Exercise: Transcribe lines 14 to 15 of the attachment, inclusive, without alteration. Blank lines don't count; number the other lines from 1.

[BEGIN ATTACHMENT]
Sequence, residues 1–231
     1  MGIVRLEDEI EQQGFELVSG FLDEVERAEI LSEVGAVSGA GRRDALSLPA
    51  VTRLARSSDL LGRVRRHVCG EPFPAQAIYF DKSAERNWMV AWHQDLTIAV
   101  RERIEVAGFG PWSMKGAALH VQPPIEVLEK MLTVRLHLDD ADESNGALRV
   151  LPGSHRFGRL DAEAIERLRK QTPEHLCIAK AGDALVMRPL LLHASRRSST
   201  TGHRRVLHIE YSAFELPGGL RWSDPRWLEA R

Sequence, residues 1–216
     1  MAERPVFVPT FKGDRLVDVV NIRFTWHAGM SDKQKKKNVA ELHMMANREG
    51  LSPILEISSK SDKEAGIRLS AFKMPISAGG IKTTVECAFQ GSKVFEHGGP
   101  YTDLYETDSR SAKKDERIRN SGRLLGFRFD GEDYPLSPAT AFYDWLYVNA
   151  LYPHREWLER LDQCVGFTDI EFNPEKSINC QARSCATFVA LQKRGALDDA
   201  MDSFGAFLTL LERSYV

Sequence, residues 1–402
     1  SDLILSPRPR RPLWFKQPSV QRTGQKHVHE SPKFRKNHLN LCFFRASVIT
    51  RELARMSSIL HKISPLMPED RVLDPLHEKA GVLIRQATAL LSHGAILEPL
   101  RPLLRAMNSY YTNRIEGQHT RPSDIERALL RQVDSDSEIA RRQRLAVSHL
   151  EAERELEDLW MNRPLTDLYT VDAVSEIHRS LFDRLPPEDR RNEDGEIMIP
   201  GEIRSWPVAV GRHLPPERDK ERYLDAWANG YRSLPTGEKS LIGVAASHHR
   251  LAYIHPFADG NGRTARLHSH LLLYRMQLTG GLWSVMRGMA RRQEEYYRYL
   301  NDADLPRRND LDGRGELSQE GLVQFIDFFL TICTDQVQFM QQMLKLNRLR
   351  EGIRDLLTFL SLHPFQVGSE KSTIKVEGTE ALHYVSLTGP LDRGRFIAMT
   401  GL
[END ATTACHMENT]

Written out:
     1  SDLILSPRPR RPLWFKQPSV QRTGQKHVHE SPKFRKNHLN LCFFRASVIT
    51  RELARMSSIL HKISPLMPED RVLDPLHEKA GVLIRQATAL LSHGAILEPL